Editor's note: Danica Davidson is a writer whose articles have appeared on MTV.com, Publishers Weekly and the Los Angeles Times. She also writes English adaptations of Japanese graphic novels. She has recently finished her first young adult novel and is seeking a publisher.
In recent years, the licensing and distribution of Korean comics — called manhwa — have increased in the United States, but retailers don't provide much of a distinction between it and its Japanese counterpart, manga.
Manhwa is sold right beside manga in bookstores, which some industry insiders view as inevitable (because manga is better known, and such a close association could help manhwa sales). But others think that manhwa should be recognized for its own merits in America.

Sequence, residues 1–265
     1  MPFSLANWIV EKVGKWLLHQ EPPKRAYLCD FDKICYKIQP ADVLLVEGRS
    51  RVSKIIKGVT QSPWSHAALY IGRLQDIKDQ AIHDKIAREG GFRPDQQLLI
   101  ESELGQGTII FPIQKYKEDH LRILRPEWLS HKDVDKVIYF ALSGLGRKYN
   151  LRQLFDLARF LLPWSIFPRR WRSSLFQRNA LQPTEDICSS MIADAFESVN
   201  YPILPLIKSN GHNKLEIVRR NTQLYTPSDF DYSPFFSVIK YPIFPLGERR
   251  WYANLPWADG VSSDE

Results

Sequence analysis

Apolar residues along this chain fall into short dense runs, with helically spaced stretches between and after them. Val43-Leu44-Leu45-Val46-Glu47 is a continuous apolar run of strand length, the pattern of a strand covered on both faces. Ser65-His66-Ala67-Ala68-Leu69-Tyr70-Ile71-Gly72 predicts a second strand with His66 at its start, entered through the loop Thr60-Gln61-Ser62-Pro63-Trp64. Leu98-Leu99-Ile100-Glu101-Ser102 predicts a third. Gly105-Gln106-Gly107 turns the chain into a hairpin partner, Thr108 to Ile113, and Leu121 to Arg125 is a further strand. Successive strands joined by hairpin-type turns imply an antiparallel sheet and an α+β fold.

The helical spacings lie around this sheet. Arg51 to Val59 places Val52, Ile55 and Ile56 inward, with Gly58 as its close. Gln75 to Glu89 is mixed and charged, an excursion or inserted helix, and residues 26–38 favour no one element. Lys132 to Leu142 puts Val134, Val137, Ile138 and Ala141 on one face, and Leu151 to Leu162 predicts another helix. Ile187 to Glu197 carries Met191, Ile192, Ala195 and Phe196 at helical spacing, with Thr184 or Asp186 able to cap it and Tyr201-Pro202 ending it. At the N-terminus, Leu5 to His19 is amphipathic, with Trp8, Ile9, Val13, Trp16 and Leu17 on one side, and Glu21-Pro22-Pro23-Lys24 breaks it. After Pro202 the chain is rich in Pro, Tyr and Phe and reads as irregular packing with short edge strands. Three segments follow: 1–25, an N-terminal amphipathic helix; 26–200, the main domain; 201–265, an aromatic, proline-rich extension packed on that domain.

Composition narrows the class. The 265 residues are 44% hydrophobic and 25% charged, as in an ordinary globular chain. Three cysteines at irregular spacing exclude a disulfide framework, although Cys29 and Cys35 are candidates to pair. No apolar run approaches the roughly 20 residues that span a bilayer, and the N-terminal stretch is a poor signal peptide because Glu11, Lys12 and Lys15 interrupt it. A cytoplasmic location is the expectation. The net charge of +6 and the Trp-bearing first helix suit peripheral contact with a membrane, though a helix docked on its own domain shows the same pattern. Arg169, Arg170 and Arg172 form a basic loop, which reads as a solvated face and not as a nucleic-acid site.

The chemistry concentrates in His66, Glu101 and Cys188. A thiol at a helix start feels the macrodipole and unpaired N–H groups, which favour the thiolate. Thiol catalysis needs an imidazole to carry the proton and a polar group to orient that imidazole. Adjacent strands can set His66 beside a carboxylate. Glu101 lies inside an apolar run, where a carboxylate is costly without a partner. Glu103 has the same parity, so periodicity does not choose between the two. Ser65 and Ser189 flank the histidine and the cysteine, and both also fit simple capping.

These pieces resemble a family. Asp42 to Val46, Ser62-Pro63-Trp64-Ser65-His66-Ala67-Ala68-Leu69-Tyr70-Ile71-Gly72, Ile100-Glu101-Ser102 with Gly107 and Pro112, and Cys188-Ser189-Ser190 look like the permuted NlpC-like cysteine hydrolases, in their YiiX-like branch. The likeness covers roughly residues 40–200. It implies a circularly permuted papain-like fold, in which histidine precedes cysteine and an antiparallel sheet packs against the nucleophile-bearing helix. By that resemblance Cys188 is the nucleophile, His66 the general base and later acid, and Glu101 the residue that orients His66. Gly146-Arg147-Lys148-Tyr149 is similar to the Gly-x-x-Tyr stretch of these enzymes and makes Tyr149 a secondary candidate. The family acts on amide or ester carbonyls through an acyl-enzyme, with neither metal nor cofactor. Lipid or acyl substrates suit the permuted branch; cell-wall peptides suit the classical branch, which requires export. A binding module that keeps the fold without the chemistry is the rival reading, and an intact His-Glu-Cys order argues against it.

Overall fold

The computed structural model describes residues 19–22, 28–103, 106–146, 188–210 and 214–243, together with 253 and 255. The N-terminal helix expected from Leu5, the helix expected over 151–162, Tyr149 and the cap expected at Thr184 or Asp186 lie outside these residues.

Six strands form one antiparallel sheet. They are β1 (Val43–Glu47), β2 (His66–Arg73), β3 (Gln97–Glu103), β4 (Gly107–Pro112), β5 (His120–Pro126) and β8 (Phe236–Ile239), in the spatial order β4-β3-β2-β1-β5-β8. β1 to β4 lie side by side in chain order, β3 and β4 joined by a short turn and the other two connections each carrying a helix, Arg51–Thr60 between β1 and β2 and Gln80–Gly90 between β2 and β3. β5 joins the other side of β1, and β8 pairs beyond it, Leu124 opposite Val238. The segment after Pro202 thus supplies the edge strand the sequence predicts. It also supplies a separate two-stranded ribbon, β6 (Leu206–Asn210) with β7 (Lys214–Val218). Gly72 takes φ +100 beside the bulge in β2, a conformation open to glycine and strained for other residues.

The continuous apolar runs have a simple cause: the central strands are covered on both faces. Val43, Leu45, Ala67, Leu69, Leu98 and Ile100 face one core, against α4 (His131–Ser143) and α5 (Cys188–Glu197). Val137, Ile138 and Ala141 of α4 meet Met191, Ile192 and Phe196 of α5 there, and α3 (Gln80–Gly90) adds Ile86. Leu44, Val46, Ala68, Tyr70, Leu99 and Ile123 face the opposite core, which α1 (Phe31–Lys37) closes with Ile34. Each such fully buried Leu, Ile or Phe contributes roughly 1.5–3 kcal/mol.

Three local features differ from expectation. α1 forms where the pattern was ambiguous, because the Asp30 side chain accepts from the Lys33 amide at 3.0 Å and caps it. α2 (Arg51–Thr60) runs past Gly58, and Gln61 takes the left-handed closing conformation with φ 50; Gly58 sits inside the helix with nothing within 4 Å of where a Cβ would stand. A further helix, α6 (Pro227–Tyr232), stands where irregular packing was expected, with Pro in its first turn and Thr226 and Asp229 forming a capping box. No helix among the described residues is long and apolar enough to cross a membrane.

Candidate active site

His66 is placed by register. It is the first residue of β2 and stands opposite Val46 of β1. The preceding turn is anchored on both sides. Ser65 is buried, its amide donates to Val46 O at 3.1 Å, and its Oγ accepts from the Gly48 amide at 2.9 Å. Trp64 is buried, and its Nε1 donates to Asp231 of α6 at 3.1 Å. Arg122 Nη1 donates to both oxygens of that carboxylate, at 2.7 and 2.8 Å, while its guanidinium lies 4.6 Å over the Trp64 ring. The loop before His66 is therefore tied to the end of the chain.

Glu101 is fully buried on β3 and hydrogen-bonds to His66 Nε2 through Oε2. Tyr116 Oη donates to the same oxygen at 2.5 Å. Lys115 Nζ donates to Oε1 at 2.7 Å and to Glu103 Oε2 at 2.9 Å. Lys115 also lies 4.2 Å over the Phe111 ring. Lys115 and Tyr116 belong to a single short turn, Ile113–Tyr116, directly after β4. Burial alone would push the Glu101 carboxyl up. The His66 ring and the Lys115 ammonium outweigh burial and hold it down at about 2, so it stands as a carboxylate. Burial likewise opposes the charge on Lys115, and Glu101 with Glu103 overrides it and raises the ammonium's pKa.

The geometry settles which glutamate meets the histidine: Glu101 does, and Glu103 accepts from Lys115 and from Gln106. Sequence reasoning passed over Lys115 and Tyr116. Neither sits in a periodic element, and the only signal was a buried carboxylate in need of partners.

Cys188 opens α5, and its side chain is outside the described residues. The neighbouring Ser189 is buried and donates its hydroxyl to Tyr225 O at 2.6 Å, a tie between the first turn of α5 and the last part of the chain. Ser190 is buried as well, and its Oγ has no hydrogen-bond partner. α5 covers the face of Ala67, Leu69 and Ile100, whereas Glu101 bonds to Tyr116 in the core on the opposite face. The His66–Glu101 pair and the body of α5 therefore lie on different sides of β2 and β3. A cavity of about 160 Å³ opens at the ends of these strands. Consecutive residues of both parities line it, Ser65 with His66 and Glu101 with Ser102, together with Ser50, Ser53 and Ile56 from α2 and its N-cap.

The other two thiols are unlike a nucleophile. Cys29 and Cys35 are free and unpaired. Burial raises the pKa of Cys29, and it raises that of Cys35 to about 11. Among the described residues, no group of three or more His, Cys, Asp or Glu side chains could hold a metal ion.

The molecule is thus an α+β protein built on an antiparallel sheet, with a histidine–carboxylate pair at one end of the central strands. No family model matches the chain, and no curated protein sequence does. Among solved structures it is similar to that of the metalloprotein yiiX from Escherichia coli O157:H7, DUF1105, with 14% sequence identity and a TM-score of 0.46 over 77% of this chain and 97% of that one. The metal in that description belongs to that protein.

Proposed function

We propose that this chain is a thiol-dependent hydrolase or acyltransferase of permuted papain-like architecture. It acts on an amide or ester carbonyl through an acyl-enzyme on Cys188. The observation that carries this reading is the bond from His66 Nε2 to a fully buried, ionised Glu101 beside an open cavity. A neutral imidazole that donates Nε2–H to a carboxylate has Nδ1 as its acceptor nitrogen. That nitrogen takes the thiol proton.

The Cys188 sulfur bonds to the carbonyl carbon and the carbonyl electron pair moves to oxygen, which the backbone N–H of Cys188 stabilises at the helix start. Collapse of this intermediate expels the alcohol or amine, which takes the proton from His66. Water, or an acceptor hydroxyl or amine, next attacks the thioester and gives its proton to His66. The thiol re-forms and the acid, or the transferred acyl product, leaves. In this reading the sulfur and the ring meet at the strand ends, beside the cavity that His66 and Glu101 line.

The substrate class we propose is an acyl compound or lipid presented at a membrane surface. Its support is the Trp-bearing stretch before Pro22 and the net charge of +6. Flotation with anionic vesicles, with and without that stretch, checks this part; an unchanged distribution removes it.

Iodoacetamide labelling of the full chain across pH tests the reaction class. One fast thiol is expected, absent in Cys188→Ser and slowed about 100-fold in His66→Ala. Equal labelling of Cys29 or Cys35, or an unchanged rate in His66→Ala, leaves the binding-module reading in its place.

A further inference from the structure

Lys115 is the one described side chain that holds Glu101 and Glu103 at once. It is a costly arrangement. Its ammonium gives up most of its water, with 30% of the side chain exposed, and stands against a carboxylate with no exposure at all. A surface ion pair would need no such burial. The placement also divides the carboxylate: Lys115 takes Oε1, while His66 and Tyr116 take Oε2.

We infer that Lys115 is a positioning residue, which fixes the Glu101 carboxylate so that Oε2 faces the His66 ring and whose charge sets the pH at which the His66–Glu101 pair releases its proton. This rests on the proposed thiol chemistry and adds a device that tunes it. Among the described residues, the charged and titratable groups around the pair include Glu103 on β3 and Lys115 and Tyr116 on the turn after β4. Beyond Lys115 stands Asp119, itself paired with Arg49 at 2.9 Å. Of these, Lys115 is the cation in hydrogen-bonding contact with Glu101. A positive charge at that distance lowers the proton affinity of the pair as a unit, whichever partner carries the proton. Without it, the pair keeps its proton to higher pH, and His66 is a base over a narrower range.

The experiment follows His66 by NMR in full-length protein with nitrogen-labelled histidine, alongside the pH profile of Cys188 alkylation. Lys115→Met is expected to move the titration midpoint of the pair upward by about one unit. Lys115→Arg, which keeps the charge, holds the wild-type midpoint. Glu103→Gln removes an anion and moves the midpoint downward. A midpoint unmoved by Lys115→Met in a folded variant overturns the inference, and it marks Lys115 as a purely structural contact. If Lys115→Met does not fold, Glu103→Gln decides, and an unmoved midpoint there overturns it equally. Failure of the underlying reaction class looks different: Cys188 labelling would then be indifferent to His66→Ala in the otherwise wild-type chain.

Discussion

Manga and manhwa read in different directions (manga is read from right to left, and manhwa is read in the traditional Western style of left to right), and the art style is different, though not overwhelmingly so. They often delve into similar subjects in their stories: action, romance (opposite- and same-sex) and Asian mythology.
Whereas manga often turns to Japanese mythology for background and stories, manhwa naturally turns to Korean mythology. There are definite similarities, and modern manhwa has had some influence from manga, but it’s certainly inaccurate to say that manhwa only exists because of manga, as some people have come to believe. FULL POST